Farming's Unlevel Field

Let African Farmers Compete

Africa's lagging agricultural production and desertification
The desert spreads on the border of Senegal and Mauritania (Photo: AFP).

Each day, the world’s wealthy countries devote an amount roughly equivalent to the budget of Senegal in subsidies to their farmers. Meat, milk, sugar, tomatoes, and wheat receive significant subsidies. This allows their producers to dump them on the world market at very low prices, at the expense of African producers who are choked off.

While African countries are being throttled by the World Bank and the International Monetary Fund, which enjoin them to cut off all subsidies to agriculture, the countries of the North can hand out subsidies to their heart’s content. According to a report by the Organization for Economic Cooperation and Development (OECD), the wealthy countries in the North, which are members of this body, have granted their agricultural sectors US$311 billion. This represents more than 200 times Senegal’s budget. Each day, the wealthy countries, particularly the United States, Japan, Australia, and those of the European Union, pay their farmers almost 700 billion C.F.A. francs in the form of subsidies.

Consequently, these subsidies are distorting the rules of the game on the world market. According to the OECD experts, certain sectors receive considerable subsidies, which often have an effect on prices. In the case of rice, the subsidy is equivalent to 80 percent of the market price. (In other words, the farmer is assured of recovering, in the form of subsidies, 80 percent of the market price.) In the case of milk and sugar, the subsidy is equivalent to 45 percent of the market price while, for wheat, the subsidy represents 36 percent of the market price. With this system, farmers are ensured of making considerable profits.

They are unbeatable on the world market, because they are guaranteed to recover their investments. They also receive aid for production. Such aid may be granted for marketing, research, and so on, allowing the agricultural sectors of the countries of the North to be very competitive on the market. It is virtually impossible for African farmers to compete.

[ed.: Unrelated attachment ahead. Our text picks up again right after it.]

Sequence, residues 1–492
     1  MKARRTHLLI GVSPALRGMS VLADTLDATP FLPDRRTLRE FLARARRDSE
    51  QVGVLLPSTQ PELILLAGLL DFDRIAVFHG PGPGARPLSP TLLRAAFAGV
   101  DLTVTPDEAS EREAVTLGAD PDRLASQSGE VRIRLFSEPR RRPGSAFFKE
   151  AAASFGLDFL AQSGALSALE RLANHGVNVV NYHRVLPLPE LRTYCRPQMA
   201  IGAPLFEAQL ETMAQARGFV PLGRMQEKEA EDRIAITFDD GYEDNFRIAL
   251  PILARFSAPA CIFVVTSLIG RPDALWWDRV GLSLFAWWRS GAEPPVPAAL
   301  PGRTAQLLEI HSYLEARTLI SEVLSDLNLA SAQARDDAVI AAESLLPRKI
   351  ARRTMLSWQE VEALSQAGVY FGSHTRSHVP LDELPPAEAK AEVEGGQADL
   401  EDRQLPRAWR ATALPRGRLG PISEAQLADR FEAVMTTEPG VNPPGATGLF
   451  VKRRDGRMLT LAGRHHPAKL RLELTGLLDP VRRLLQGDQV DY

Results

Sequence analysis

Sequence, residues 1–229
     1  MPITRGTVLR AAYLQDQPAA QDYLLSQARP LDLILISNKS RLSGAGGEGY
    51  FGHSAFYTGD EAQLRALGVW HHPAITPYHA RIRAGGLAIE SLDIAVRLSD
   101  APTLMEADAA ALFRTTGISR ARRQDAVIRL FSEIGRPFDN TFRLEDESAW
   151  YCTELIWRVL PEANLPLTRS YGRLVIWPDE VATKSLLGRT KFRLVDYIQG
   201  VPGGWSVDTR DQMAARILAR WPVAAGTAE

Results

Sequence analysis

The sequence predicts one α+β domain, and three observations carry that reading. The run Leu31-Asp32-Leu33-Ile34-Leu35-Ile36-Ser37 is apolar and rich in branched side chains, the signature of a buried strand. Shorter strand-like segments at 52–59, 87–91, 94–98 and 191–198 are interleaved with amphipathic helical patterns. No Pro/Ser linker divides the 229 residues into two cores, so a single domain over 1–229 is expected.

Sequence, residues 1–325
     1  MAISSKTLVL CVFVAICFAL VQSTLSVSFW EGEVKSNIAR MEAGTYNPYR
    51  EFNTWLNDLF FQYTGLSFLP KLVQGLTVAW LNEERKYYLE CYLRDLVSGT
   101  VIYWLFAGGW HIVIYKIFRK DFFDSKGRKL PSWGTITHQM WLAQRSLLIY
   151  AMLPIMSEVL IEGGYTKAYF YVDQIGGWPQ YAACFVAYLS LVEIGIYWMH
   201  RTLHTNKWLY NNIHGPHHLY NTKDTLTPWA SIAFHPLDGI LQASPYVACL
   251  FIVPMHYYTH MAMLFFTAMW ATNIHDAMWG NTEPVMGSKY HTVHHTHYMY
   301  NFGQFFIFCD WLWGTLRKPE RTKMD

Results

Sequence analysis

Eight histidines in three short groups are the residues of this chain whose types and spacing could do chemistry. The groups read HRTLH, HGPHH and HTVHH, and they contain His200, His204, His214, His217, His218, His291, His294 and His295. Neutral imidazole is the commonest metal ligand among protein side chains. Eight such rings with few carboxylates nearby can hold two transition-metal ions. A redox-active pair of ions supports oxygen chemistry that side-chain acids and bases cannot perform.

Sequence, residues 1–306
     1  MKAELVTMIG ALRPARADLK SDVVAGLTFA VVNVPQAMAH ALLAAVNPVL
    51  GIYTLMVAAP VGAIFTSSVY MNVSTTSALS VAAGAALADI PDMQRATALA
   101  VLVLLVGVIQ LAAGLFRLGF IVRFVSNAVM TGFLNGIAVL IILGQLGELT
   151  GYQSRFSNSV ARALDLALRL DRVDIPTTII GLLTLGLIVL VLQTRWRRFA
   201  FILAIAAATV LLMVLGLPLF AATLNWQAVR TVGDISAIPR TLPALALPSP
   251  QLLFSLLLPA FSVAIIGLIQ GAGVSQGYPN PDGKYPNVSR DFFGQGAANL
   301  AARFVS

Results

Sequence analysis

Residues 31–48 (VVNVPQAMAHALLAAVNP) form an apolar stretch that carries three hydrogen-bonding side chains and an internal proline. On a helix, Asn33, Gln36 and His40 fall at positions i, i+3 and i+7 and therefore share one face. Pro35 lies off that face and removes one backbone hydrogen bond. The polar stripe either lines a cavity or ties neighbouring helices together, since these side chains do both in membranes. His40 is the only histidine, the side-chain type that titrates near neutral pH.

Thus, for strategic products like rice, sugar, milk, and tomatoes, the imbalances between African products and those of the North are glaring. When these products are subsidized, they are sold at very low prices on the international market. At the same time, African farmers must deal with high production costs. Since the state has cut the umbilical cord that linked it to farmers, these people are now laboring under great difficulties. Consumers with low purchasing power turn to imported products, which has a negative impact on domestic industry. This is true for tomatoes, sugar, wheat, and so on.

The advocates of globalization are not unaware of these mechanisms that distort the machinery of world trade. Everywhere in Africa, the International Monetary Fund and the World Bank are militating for the liberalization of economies. The borders are wide open, and products come in without any restriction. Senegal has become an open bazaar, to which products are shipped in by producers in the North. For these producers, the main thing is to collect the subsidies that are their lifeblood, even if it means selling their products at extremely low prices.

This is why vigilance ought to be the watchword, to prevent products from Gambia from flooding the market. Gambia is a transit zone where importers unload their products before bringing them into Senegal and the bordering countries. There is a major risk of seeing products like tomatoes, milk, and sugar flood the Senegalese market through fraudulent channels. This would place jobs in these sectors in jeopardy.